Mitral Stenosis

Valvular heart disease characterised by the narrowing of the mitral valve orifice. Most common cause is rheumatic heart disease.

Presentation

Dyspnoea is the most common presenting feature
Fatigue, palpitations, chest pain and haemoptysis
Patients may present with symptoms of heart failure
Later stages of the disease increase the risk of thromboembolism as atrial fibrillation is more likely.

History

Duration and type of symptoms
Chest pain - angina history
Syncope - frequency, associated features, warning signs, postal hypotension, movement
Dyspnoea - Dyspnoea - onset, aggravating and relieving factors. Normal exercise tolerance.
Does the patient have any risk factors for developing vascular disease - Hypertension, hypercholesterolaemia, obesity, diabetes, previous acute coronary event/stroke, smoker, lifestyle/occupation, family history of ischaemic heart disease?
Childhood infections - rheumatic fever
PMHx - previous MI, COPD, pneumonia, valvular disease as a child
FH - history of congenital valve problems. Williams syndrome.

Vital signs / observations

Normal

Examination

Malar flush on cheeks due to decreased cardiac output. Low-volume pulse
AF common
Tapping non-displaced apex beat

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On auscultation: loud S1; opening snap, rumbling mid diastolic murmur (heard best in expiration, with patient on left side). Graham steel murmur may be present due to pulmonary hypertension creating pulmonary regurgitation.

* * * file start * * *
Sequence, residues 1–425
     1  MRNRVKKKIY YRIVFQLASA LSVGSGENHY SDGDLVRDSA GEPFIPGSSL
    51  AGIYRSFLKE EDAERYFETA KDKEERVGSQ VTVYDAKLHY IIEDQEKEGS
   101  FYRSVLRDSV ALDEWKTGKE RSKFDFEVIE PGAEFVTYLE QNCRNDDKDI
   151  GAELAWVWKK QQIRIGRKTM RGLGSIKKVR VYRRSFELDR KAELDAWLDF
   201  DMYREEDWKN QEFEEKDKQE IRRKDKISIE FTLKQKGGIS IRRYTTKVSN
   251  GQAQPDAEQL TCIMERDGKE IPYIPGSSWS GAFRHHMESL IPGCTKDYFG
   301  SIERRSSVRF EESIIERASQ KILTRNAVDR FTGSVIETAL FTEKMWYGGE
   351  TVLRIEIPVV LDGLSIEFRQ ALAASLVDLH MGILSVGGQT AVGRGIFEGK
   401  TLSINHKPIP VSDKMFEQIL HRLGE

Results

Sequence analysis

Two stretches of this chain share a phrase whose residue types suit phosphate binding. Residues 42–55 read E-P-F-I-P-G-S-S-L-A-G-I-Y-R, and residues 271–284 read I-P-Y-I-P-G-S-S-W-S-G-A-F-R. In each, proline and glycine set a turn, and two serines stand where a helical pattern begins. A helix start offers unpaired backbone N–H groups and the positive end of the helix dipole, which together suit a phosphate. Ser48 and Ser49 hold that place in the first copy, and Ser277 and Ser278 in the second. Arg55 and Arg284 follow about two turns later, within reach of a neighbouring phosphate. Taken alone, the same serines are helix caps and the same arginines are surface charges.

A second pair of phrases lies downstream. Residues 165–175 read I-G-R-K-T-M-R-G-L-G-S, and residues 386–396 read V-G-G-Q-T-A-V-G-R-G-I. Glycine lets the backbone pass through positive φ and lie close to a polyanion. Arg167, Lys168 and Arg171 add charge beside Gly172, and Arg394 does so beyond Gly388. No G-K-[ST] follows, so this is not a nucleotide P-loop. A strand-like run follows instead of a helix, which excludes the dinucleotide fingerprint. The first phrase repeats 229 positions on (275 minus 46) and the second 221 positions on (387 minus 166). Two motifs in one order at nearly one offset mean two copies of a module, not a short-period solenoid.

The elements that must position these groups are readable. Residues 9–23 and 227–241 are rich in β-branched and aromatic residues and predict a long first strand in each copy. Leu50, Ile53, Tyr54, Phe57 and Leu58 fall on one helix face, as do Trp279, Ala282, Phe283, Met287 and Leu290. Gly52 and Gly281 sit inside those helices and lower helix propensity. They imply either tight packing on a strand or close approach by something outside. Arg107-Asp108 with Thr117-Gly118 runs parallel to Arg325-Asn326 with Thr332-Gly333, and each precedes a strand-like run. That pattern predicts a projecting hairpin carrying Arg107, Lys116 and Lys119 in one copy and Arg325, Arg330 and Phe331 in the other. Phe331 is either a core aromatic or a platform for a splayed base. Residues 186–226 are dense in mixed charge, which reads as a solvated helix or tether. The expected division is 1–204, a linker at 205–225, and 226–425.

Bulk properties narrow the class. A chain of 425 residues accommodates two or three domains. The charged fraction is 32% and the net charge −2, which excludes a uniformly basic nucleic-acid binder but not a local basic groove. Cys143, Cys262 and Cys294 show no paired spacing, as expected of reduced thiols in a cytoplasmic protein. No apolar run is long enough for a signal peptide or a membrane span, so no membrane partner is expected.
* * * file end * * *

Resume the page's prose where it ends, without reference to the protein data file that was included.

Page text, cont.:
The more severe the stenosis then the longer the diastolic murmur will be. If sever the opening snap will be closer to S2.
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Are there features of cardiac failure - pulmonary oedema, peripheral oedema

Bedside test

ECG - AF, P-mitrale if in sinus rhythm, right ventricular hypertrophy therefore right axis deviation

Laboratory investigations

FBC - anaemia may worsen symptoms

Radiological investigations

CXR - cardiomegaly with left atrial enlargement. Pulmonary oedema. Mitral valve calcification.
Echo - diagnostic and doppler may determine the gradient across the valves. Significant stenosis exists if the valve orrifice is <1cm2/m2 body surface area. Symptoms usually occur when the orifice <2cm2

Cardiac catheterisation

Indicated if previous valve surgery, signs of other valvular pathology, angina, severe pulmonary hypertension and calcified mitral valve.
This can assess the valve gradient, LV function and coronary artery disease
Risk of emboli with investigation

Management

If the patient is in atrial fibrillation then rate control is important
Diuretics will reduce cardiac preload and aid any pulmonary venous congestion.

Indications for mitral valve replacement or valvuloplasty is NYHA class III-IV
Balloon valvuloplasty may be an option if the valve is pliable and non-calcified

Surgical

Open mitral valvotomy or valve replacement if symptoms not controlled by medication and valvuloplasty is not an option

Follow up

Complications

Pulmonary hypertension is the most common complication
Emboli from AF
Pressure symptoms due to enlarged right atrium - hoarseness, dysphagia, bronchial obstruction
Infective endocarditis

Prognosis

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